We have multiple wells on a rather large working farm where we raise cows and calves for dairy (farm fresh milk, ricotta cheese, butter, etc,) chickens for eggs, fruits, vegetables, pond raised fish. This is what we do besides our day jobs as it is great for raising children, family time and getting away from the crazy people at the end of the day. One pond is essentially a swimming hole cuz what's a farm without one to cool off in or see kids play, plus the others (and more to go) that we restored (the former Morons filled them in instead of just watching their children. Then they whine when they don't get enough rain and have no water so they can't irrigate. Oddly enough they claimed to be Conservatives........I thought only us Libbies are supposed to do that - lolz ) also supply our drip irrigation that we use if needed. Also our food is produced using old school farming practices, cows and chickens enjoy life they graze and we supplement a natural diet as required, drugs are used sparingly ( sick animals make sick food so we dispose of it until it is safe) and we don't dump chemicals and such all over our produce either. The Clydes, Feral Horses (Mustangs), and others aren't bling as they help out as well.
We have a vested interest in everything working correctly because our lives and success depend on it. Therefore we have First Hand H.K.U. experience and that my Conservative friends is the Bottom Line.
We pump frack water into zones that contain oil and gas. The oil and gas have been trapped there for millions of years. If we pump water (with 1% of nasty chemicals in it), into the zones where oil and gas exist (and have not been able to migrate into fresh water zones), how will these chemicals make their way to the fresh water zones?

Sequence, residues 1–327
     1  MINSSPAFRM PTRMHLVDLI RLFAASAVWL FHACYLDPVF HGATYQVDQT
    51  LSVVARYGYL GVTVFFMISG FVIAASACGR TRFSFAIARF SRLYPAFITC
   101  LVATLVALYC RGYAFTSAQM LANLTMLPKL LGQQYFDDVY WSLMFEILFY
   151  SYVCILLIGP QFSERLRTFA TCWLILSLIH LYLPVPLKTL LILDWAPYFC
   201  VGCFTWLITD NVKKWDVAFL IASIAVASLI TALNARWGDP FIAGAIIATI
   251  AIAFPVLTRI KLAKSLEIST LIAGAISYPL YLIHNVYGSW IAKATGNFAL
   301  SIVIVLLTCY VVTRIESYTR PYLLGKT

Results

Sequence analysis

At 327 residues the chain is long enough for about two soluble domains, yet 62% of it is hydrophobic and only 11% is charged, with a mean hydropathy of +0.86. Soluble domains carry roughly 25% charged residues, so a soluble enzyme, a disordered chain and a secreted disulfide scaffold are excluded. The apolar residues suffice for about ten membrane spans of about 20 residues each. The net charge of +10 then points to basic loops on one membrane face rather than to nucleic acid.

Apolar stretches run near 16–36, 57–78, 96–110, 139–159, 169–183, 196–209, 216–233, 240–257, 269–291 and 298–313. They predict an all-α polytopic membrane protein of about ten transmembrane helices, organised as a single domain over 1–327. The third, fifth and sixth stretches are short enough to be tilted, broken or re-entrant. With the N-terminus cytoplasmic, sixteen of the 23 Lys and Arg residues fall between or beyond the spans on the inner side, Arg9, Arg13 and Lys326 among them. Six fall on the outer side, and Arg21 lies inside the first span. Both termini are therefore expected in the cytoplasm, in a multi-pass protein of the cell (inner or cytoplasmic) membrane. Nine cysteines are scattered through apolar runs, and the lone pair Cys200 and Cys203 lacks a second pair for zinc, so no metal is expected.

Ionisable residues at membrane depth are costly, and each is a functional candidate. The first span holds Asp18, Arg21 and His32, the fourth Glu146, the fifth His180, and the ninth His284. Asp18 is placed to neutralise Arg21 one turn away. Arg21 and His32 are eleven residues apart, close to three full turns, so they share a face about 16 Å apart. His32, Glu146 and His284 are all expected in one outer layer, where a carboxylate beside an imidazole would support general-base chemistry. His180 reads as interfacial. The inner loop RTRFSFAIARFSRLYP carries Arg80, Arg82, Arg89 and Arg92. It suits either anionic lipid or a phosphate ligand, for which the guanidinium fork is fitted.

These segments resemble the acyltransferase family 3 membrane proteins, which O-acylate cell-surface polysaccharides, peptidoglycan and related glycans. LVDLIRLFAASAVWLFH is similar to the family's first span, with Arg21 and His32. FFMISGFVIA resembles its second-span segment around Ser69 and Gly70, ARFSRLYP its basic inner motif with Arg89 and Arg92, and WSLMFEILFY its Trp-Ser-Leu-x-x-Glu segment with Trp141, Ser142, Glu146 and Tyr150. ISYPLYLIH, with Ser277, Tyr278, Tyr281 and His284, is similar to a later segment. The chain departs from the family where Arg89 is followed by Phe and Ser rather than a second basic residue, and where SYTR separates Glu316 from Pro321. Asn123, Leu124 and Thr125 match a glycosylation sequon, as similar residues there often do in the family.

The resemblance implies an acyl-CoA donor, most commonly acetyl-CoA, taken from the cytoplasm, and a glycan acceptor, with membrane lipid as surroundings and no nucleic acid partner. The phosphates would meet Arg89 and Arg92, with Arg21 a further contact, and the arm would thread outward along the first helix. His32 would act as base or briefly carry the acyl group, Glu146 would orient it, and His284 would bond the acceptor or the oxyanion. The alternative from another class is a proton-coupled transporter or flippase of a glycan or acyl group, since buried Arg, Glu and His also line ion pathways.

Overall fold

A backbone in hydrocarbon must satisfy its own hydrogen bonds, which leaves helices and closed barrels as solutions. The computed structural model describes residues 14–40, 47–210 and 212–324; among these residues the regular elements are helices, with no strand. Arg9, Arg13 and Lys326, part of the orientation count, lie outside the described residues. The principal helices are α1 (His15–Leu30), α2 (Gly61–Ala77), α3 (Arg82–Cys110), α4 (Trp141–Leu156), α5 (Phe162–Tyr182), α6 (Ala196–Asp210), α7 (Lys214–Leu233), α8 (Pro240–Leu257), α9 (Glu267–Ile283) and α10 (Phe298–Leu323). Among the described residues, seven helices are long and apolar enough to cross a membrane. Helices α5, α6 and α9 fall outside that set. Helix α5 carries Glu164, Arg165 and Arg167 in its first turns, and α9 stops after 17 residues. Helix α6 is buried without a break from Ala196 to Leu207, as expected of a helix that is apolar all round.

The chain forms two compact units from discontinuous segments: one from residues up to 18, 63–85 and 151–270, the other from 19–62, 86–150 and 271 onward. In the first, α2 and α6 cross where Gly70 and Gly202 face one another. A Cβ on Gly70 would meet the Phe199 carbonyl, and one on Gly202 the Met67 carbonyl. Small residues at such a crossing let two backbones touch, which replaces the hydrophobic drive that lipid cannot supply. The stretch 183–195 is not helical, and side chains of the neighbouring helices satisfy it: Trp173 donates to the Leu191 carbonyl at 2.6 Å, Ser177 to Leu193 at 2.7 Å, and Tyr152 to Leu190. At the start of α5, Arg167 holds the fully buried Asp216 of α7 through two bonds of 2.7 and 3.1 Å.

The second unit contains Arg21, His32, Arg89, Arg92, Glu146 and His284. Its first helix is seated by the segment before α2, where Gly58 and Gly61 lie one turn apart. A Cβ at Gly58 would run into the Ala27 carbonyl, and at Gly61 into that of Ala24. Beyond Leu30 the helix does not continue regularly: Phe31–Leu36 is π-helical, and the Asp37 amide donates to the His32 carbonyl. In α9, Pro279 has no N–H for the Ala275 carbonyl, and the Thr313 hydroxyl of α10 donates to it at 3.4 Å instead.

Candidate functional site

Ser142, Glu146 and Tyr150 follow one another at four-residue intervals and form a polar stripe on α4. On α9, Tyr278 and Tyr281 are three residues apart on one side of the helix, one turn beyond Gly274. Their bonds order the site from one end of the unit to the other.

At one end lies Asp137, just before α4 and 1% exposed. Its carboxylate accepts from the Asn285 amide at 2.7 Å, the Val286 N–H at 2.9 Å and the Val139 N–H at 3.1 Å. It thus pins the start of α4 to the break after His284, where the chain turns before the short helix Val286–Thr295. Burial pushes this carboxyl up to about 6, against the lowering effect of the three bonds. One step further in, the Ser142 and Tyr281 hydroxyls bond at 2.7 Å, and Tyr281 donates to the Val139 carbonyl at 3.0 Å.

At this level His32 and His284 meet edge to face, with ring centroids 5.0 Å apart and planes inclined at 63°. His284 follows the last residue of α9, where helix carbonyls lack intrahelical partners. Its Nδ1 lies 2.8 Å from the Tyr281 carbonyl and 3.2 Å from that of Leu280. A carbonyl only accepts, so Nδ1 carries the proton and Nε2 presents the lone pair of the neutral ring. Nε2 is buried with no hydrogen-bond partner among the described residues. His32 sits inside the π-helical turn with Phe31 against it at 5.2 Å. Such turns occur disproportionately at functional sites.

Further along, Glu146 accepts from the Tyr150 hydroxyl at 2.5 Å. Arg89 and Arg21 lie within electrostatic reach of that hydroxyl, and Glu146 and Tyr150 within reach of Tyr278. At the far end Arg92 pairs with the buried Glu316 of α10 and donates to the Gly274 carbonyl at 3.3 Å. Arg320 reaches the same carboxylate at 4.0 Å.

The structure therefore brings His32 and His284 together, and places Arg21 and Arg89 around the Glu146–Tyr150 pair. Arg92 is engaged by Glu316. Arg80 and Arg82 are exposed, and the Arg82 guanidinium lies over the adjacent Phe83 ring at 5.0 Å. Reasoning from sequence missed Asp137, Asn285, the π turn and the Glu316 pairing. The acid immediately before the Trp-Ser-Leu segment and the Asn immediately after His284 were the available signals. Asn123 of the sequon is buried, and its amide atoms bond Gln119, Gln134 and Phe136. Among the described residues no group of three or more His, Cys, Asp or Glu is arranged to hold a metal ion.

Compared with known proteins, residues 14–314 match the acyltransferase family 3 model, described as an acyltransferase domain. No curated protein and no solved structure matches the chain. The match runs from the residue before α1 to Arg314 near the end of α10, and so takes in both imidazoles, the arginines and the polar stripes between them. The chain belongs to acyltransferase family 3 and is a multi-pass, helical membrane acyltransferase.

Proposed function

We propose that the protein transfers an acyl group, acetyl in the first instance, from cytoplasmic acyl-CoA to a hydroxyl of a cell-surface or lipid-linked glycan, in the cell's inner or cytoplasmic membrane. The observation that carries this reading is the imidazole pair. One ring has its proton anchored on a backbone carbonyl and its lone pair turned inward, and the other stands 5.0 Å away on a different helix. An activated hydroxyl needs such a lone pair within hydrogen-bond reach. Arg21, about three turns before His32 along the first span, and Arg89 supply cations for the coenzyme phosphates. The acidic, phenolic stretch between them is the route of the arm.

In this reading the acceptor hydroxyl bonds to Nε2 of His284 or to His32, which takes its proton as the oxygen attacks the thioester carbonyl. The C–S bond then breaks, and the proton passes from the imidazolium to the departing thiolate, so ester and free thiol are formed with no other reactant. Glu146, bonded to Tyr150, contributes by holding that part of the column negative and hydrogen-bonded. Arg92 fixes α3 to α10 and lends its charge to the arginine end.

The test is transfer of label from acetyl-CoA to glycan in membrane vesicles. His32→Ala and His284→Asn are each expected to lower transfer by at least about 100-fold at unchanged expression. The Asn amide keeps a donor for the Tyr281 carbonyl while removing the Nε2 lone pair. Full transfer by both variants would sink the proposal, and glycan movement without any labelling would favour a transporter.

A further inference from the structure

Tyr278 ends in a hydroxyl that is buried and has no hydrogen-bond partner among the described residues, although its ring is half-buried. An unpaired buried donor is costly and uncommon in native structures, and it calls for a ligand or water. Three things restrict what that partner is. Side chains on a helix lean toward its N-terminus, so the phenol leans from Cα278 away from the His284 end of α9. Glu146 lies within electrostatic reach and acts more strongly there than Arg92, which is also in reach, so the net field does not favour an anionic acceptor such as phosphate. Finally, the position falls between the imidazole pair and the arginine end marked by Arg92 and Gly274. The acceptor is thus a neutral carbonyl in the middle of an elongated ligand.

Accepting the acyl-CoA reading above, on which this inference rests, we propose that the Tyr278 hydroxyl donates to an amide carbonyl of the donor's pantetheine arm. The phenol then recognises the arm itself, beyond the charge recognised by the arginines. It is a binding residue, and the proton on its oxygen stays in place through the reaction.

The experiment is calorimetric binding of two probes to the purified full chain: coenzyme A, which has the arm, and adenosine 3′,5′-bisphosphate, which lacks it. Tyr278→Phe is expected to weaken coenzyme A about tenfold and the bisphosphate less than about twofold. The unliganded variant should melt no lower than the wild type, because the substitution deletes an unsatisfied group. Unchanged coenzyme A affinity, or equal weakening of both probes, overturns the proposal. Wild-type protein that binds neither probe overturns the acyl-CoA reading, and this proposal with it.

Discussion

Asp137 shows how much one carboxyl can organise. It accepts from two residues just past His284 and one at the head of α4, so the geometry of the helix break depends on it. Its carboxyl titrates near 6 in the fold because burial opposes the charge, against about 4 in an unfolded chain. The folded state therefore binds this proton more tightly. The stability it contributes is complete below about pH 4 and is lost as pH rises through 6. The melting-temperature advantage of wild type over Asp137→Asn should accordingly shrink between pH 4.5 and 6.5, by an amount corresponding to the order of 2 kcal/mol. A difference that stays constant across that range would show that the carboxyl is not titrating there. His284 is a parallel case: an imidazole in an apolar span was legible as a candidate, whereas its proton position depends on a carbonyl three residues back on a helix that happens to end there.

The answer is they won't. The chemicals cant migrate just like the oil and gas cant migrate out.
Fracking can have bad events happen, but for the vast majority of pumping jobs, the chemicals are used safely and won't affect fresh water, ever.
I remember when I was a kid and my friends and even some family members mistreat the tributaries and the Lake Ontario ... I used to tell them in the very early 70's, one day we will pay for our stupidity .... one day will be buying water off store shelf's .... they laughed at me, never going to happen they said.
..... just look at the island of Fiji, military dictatorship government and a American company pillaging the water resources of a entire country just so some people here in the US and around the world can drink good water.
These people sometimes go without (except of emergency supplies) so we can drink their water ... disgusting.
Obama sips it. Paris Hilton loves it. Mary J. Blige won't sing without it. How did a plastic water bottle, imported from a military dictatorship thousands of miles away, become the epitome of cool?
If we start messing with our drinking water, slowly but surely we will put an end to civilization as we know it. Why don't the frackers use salt water?